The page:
- The extensive drought in Somaliland's interior Togdheer region is leading to a growing humanitarian crisis for the assessed 350,000 people living there. While water sources are drying and livestock is diminished, social services are collapsing, a new report warns.
The US agency Famine Early Warning Systems (FEWS) yesterday published an assessment of the food security situation in the Togdheer region, located south-east of Somaliland's main cities Hargeisa and Berbera. The arid interior zone, at the Ethiopian border, is facing heavy consequences of a prolonged drought, the field study showed.
Livestock production is the main economic activity providing food, income and employment in the region. "A combination of inadequate pastures, livestock diseases, high consumption and disposal has reduced livestock ownership with mortality rates estimated at 40-50 percent for shoats and 15-20 percent for camels," the FEWS study found.
The food security situation therefore is becoming critical. According to the study, there is now "nil production and consumption of milk and ghee, with consumption of meat from dying stock contributing a significant food source."
Food purchases from the markets were further reported to have declined because of reduced livestock prices, and increased cost of imported food commodities. Local food production (sorghum and maize) was negligible. It was anticipated that the food security would deteriorate as the drought persists. In general, therefore, "households' energy intake has reduced," the FEWS study found.
The ongoing drought has reduced the poor households' food source and income. According to FEWS, "livestock deaths are expected to increase during the coming dry season - from January to mid April - due to water and pasture depletion."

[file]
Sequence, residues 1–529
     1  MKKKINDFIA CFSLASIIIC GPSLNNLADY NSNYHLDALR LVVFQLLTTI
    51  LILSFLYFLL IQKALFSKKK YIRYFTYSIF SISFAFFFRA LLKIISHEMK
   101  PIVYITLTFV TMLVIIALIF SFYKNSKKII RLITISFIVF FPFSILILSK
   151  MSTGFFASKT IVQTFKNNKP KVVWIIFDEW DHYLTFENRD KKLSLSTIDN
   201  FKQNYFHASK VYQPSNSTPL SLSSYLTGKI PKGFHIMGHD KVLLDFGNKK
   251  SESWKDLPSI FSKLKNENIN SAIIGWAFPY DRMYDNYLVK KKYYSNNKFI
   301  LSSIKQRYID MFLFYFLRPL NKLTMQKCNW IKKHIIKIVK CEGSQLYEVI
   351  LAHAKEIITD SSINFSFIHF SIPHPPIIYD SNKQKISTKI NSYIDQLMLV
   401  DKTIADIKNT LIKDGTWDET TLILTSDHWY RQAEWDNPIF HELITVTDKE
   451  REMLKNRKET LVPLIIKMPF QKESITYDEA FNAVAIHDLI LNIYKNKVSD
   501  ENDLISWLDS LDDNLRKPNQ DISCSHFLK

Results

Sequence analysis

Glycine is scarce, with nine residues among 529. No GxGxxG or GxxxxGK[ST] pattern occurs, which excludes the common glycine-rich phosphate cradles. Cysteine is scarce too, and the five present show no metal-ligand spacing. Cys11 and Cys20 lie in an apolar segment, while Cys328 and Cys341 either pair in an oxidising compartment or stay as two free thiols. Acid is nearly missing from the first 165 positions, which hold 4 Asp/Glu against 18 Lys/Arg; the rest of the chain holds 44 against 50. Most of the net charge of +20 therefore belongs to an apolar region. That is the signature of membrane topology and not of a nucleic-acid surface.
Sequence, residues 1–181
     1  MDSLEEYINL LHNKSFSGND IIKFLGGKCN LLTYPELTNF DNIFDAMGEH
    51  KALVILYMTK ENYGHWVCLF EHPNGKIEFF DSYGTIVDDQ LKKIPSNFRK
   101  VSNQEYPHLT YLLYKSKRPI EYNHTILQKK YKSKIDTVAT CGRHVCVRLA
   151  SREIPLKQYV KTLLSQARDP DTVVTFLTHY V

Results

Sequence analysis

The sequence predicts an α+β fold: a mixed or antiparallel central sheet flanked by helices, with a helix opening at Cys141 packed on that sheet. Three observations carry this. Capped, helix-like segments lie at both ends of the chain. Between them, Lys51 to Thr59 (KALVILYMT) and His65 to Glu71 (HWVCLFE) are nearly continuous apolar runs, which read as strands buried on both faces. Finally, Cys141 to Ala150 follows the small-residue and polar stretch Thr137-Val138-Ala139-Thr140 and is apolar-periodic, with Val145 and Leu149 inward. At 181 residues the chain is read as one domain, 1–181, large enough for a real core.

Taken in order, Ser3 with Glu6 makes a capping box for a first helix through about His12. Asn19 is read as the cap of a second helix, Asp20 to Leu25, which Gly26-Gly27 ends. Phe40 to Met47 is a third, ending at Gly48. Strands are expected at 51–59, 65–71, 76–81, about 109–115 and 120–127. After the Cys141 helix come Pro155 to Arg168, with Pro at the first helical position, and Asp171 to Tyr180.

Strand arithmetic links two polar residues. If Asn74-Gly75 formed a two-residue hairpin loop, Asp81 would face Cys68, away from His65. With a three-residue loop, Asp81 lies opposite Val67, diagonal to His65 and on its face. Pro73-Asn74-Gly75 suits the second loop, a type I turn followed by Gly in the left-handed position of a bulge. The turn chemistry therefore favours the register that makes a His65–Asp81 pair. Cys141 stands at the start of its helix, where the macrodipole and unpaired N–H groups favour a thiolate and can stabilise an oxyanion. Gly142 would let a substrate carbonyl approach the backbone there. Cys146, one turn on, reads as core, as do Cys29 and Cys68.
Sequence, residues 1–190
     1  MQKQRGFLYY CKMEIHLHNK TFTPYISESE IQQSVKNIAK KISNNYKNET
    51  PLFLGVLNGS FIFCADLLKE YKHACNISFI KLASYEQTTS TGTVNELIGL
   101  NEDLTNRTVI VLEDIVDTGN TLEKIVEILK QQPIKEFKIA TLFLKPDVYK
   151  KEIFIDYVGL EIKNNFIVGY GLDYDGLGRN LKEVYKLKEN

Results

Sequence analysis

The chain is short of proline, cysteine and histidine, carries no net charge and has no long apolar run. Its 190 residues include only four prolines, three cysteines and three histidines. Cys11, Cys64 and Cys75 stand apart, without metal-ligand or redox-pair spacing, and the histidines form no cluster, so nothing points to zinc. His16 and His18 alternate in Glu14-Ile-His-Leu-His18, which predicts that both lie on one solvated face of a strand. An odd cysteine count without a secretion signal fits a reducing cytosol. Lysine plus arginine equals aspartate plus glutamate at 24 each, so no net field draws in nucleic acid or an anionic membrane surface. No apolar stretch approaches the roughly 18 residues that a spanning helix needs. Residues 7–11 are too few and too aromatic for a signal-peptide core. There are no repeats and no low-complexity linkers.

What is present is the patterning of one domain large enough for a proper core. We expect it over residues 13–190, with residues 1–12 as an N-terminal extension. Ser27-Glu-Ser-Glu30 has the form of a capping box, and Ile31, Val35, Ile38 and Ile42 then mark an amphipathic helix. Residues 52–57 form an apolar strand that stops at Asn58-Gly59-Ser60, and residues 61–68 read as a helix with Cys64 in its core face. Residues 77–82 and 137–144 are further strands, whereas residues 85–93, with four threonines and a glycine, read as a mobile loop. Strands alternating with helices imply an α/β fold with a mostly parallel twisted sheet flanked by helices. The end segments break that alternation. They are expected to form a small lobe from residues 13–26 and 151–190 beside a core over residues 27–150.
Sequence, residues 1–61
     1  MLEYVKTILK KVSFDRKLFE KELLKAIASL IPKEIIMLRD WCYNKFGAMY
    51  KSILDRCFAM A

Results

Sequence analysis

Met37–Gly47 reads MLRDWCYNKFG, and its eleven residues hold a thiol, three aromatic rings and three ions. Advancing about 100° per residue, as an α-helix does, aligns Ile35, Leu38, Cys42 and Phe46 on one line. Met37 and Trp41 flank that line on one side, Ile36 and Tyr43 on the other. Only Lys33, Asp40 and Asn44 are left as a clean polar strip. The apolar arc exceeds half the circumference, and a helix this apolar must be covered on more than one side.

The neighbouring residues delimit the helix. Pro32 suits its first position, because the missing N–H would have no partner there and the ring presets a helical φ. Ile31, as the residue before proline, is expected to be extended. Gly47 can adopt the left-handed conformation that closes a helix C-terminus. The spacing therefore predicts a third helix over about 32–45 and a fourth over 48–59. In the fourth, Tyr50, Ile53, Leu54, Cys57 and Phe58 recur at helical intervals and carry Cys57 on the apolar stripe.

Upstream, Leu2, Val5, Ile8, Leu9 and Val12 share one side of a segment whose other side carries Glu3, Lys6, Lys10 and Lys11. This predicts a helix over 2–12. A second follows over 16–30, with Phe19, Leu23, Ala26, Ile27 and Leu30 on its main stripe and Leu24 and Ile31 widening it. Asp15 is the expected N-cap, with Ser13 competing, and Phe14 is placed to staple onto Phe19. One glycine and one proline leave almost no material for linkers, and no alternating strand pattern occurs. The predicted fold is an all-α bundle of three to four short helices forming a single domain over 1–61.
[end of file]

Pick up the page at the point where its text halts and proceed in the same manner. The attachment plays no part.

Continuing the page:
The lack of water is now also becoming an enhanced problem for the region's human population. According to the study, access to water in general is limited for the poor groups. "Generally, the water infrastructure is in poor condition with poor sanitary conditions. The quality of water is poor and deteriorating."
The combined factors of dropping food availability and lessened access to clean water are now seriously affecting the health situation of the population in the Togdheer region. Acute malnutrition was frequently observed, in addition to an increase in the prevalence of diarrhoeal diseases, measles, whooping cough and ARI.
In this deteriorating situation, also the limited social services offered by the Somaliland government have started to erode. Access to health services is increasingly limited although the government still is handing out 'the Renewal Health Post kits'.
Also the region's educational system is withering as the crisis grows stronger. The schools' drop out rate is now believed to reach about 43 percent, with two schools closed due to severe drought and migration. FEWS warns that "school dropouts will increase in the affected rural areas," causing long-term damages to the development of the region.
Finally, also the environmental situation in the Togdheer region was observed to be deteriorating, probably with permanent consequences. "There has been extensive rangeland degradation leading to loss of nutritive forage and browse," the FEWS observer team noted.
- The establishment of illegal private enclosure has reduced communal grazing land, the report added. "There is significant tree cutting for charcoal production and for fencing off these enclosures. Gully formations have increased."
The FEWS team recommended the government and international society to enhance its support to the drought-ridden region. Free food distribution is already being launched, but the FEWS report also emphasised on the need to intervene in human and animal health and to stop the region's environmental degradation.
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